July 23, 2015
Nicholas Coppola Earns Bachelor of Arts in Community and Human Services
Nicholas Coppola spoke at the 2015 commencemnt ceremony held on Long Island. Photo/Empire State College
Nicholas Coppola, a 50-year-old resident of Oceanside, N.Y., graduated with a Bachelor of Arts in Community and Human Services. He was selected as a student speaker for the 2015 commencement ceremony held on Long Island.
More than 25 years ago, Coppola earned his associate degree in labor studies from the college as part of his requirements as an apprentice with the International Brotherhood of Electrical Workers, Local 3.
“As a kid in Richmond Hill, Queens, I always wanted to be in construction,” said Coppola. “College was not part of my plan.”
Coppola said that he is proud of completing his associate and characterizes his education as a gift from Local 3, for which he is grateful.
Coppola progressed in his career by becoming a journeyman electrician, general foreman, superintendent and contractor. In 2008, however, a construction accident ended a 25-year career in a field he said he loved.
After multiple surgeries and an extensive recovery, Coppola said physical limitations frustrated and, at times, even angered him.
He found solace and purpose in life by becoming active in his parish social ministry and as a member of The St. Vincent de Paul Society, which advocates on behalf of the poor.
Shortly after getting married to David Crespo in 2012, Coppola said he began to think about returning to college, which was both exciting and a bit frightening. Thanks to the urging and support of his spouse, he again enrolled with the college.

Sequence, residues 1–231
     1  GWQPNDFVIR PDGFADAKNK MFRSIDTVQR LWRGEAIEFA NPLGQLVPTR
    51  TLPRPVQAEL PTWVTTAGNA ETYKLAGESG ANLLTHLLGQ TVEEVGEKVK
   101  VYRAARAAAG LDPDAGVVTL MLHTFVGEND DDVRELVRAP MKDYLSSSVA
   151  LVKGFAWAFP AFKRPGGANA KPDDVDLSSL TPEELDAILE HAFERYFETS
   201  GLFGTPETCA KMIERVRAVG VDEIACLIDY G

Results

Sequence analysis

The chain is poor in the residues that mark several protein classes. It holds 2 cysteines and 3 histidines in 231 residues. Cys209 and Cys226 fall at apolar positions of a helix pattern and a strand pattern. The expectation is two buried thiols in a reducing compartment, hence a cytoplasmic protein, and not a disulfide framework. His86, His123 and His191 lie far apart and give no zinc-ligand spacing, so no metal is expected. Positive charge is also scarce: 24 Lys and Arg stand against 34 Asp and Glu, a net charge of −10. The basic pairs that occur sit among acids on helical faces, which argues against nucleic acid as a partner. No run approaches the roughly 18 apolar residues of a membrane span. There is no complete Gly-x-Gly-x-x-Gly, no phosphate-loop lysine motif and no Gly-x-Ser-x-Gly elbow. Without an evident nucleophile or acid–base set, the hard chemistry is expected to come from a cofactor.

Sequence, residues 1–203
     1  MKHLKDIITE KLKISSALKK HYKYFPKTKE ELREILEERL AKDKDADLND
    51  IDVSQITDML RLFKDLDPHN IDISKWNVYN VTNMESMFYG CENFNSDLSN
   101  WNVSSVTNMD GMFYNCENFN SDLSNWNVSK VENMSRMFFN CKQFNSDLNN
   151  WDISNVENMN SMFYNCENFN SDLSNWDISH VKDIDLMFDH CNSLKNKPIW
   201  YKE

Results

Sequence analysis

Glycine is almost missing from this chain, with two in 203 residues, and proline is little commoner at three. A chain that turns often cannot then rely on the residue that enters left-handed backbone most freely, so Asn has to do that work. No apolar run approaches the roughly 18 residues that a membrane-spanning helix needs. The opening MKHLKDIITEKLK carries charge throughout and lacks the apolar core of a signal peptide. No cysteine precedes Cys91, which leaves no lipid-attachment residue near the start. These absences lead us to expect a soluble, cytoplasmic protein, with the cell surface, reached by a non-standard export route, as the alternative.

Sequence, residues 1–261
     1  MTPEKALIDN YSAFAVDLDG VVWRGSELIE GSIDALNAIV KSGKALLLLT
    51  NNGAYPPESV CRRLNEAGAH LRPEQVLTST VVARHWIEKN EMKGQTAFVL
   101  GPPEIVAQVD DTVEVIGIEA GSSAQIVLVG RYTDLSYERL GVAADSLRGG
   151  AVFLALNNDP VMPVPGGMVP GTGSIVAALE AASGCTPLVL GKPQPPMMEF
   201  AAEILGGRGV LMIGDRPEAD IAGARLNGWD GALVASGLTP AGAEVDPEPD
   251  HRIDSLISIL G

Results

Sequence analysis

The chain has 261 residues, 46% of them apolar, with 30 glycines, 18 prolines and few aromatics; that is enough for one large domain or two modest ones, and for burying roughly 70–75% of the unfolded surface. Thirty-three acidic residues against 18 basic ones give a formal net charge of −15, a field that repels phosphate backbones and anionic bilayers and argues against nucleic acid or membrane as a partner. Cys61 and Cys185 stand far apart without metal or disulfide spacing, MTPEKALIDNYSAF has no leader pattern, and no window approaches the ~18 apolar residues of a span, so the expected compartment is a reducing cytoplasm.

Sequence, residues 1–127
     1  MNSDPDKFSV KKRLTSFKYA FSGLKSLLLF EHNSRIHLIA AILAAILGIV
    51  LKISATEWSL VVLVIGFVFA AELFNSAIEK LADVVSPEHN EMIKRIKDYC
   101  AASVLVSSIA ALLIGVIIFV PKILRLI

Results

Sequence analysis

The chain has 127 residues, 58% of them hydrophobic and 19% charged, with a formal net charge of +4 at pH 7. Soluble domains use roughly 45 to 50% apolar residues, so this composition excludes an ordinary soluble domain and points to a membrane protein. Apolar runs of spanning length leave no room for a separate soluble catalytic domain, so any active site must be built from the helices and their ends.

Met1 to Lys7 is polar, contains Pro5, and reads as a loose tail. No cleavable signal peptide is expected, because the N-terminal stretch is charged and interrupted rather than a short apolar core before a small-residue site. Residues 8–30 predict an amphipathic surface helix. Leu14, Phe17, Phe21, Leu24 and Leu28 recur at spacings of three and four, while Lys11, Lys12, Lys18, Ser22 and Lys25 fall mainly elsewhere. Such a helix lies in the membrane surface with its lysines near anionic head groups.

At that time he also said that he again was presented with a life-changing experience.
“When we returned from our honeymoon, my pastor informed me that Bishop Murphy directed him to remove me from any and every church ministry,” said Coppola. “I was not permitted on the altar. The reason? I married someone I love. It is that simple. That was a very significant moment in my life. Sure, I have dealt with some nasty comments that come from ignorance, but never had an injustice affected me in such a personal way.”
Coppola said that as a result of the actions of his church, and his three decades of volunteering with the Gay Men’s Health Crisis Center, he chose to create a degree within the college’s community and human services area of study, in order to become an activist and advocate for those who do have access to the level of support he had in recovering from his injury on the job.
Coppola serves on the board of directors of GMHC, a nonprofit organization whose mission is to end the AIDS epidemic and uplift the lives of all affected. He is also the president of SUNY Empire State College’s LGBTQA Student Alumni Club, which he helped found.
He said he plans on completing a master’s in policy studies with the college’s School for Graduate Studies.